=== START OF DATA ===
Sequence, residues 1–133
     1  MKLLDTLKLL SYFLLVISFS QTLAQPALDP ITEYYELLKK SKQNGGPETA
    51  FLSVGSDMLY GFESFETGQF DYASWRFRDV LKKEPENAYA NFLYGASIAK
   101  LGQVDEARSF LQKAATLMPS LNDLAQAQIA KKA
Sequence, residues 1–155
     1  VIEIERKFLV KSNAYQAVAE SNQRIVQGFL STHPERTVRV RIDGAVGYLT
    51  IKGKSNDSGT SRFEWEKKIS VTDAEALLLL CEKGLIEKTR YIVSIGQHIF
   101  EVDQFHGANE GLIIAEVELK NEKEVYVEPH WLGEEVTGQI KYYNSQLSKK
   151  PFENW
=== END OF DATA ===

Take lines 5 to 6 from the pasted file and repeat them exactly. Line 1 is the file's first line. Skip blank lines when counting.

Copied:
Sequence, residues 1–155
     1  VIEIERKFLV KSNAYQAVAE SNQRIVQGFL STHPERTVRV RIDGAVGYLT